Dear Madame Fudge,

Let me thank you for your service on behalf of black people, as well as all Americans! I am sending you this letter in your capacity as Chairwoman of the Black Caucus and ask that you share this letter with the other members. As you probably know, the people’s cup runs over from state-sanctioned executions, police brutality, and low-intensity conflict that traumatize our people and children as well.

Thousands of black people and our allies of all colors and ages are on the move, not only in Ferguson, but also throughout the country. SpiritHouse Project is part of this fast-growing non-violent movement to contest and end state-sanctioned murders in a militarized police force, where our community is the main target. On November 12, 2014, in D.C. at Freedom Plaza at 12:30 p.m., SpiritHouse Project and our allies will stand to break the silence on this modern-day lynching, by holding the first national public memorial service that includes a public roll call of 1000 black victims of state-sanctioned murders. We ask members of the Black Caucus to come as witnesses and to stay for the entire memorial service that includes the reading of the names. We do not ask you to come as politicians to give speeches. Instead, we ask you to come as members of the black community. Your presence makes a strong statement that you respect and take seriously police assaults on our community. The people need to know that you do not stand at a distance or are detached from our suffering and grief.

It is important that members of the Black Caucus in states that have the highest number of state-sanctioned murders and brutality show up. Sarah Collins Rudolph, who survived the 16th Street Baptist Church bombing that killed her sister, Addie Mae Collins, will be a part of this delegation to show the deep roots and continuity of state-sanctioned police and vigilante murders against black people. Please find our call to action that lays out the memorial, as well as key people who will attend and speak.

Speaking for the SpiritHouse Project network and thousands of people around America, I believe that as an elected body who claims to advance and protect the rights of black people, the Black Caucus has been silent and accommodating far too long to state-sanctioned murders, brutality, profiling, stop-and-frisk laws, and criminalization of our people. In short, we have not heard your collective voices in a growing climate of white supremacy that is moving like a brush fire through every aspect of American society.

It is time for the Black Caucus to break the silence and stand in the forefront of a 21st-century movement to counter this reality. Aside from attending the Memorial Service on November 12th, we, the people, insist that you aggressively:

  • Jumpstart a national dialogue that makes a connection between systemic racism and state-sanctioned murders and brutality within a militarized police force
  • Organize a national Congressional Hearing on these issues
  • Develop a national campaign entitled “Our Children Matter Too” that spotlights and ends the reign of police terror that traumatizes black youth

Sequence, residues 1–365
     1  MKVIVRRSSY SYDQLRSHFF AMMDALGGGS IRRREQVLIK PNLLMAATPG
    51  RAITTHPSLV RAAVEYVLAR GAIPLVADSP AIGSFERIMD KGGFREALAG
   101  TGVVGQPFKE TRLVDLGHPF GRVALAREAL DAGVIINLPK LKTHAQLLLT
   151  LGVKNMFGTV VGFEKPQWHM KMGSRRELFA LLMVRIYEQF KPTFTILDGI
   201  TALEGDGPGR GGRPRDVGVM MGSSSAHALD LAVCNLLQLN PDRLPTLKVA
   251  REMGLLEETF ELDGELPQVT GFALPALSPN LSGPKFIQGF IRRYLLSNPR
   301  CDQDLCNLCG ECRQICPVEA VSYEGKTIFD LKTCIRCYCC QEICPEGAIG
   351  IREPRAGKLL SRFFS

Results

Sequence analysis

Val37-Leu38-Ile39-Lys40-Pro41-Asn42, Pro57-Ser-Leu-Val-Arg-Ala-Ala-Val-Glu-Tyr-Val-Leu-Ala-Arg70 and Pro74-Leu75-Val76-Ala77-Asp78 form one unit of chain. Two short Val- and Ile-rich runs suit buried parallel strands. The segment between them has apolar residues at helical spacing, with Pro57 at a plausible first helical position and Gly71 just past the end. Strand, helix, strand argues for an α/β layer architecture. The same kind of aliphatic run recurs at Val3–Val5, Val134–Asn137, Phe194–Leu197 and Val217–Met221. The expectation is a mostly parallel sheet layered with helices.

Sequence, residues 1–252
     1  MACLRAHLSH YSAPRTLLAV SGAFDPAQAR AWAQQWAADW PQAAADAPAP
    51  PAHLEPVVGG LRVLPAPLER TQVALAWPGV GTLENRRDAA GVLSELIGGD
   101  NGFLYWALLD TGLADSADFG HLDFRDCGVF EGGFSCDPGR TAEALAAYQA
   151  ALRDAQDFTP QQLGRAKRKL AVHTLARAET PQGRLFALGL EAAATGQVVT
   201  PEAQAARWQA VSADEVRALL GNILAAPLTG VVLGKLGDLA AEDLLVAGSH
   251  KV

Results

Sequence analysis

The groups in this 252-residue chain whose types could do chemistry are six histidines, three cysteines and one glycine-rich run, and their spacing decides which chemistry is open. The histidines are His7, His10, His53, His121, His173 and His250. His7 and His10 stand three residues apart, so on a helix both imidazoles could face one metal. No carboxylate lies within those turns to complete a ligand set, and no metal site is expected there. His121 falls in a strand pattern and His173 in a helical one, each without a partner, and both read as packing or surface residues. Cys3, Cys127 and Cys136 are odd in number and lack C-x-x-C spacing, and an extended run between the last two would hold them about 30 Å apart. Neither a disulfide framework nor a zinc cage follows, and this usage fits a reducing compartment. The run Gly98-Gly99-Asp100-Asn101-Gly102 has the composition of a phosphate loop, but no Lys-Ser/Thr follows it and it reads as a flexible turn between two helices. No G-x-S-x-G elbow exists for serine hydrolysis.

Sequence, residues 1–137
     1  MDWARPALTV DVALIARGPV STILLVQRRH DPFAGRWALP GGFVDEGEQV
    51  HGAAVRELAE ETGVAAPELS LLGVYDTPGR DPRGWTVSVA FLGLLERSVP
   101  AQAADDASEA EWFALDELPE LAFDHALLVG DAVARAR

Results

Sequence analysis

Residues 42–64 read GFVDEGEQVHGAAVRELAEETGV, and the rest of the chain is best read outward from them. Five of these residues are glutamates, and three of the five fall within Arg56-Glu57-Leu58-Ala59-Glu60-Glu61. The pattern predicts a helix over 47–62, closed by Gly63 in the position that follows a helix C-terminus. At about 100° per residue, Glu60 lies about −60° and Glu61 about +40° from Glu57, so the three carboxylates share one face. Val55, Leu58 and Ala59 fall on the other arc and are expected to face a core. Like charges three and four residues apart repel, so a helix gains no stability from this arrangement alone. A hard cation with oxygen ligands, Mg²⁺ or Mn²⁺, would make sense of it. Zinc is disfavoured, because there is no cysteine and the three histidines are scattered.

• Create sanctions against police who engage in these practices, along with police chiefs and other officials who obstruct justice
  • Use your influence on a local level to call to organize structures that guarantee police accountability

Madame Chairwoman, I must speak candidly because so much is at stake. Black people, as well as our allies, find it problematic that your lives of luxury and exceptionalism protect you from the everyday realities of being black in a white police state. We cannot allow you to get our votes and ignore one of the most pressing and human rights issues for black people in the 21st century. Paraphrasing our beloved freedom-fighting mother, Fannie Lou Hamer, we did not fight, die, and sacrifice to come this far to buttress your careers while the blood of the people flows unnoticed and unclaimed.

Madame Fudge, what does it mean for the Black Caucus to represent black people in an era of police terror where black bodies are disposable waste? What does it mean for the Black Caucus to represent our people in an era where black children live with the terror and trauma of seeing police taser their family members, conduct swat raids, and other acts of terror, such as breaking car windows or throwing stun bombs into their houses? What does it mean to represent us when a six-year-old black child saw the police put a gun to his mother’s head and trembling with fear came out of the car with his hands raised in the "don’t shoot" posture?

I remind you that freedom is a constant struggle. We are called upon once again as a community to combat one of the most pernicious epidemics of the 21st century. It is ironic that we fight for our lives in a period where there are more black representatives then ever. What do you think history will make of this?

I look forward to hearing from you and look forward to seeing members of the Black Caucus on November 12th. I also invite you to go to Breaking the Silence Against Modern Day Lynching on Facebook, which is a public space we created. Here, people post incidents about state-sanctioned murders, suspicious deaths, and police brutality of black people. You can also learn more about our work and the people who volunteer with us by going to

You can reach me directly by calling 202-431-0764.

Thank you for your time and attention to this matter.

Ruby Sales
Founder and Director of SpiritHouse Project

©2022 The SpiritHouse Project

P.O. Box 5537
Washington, DC 20016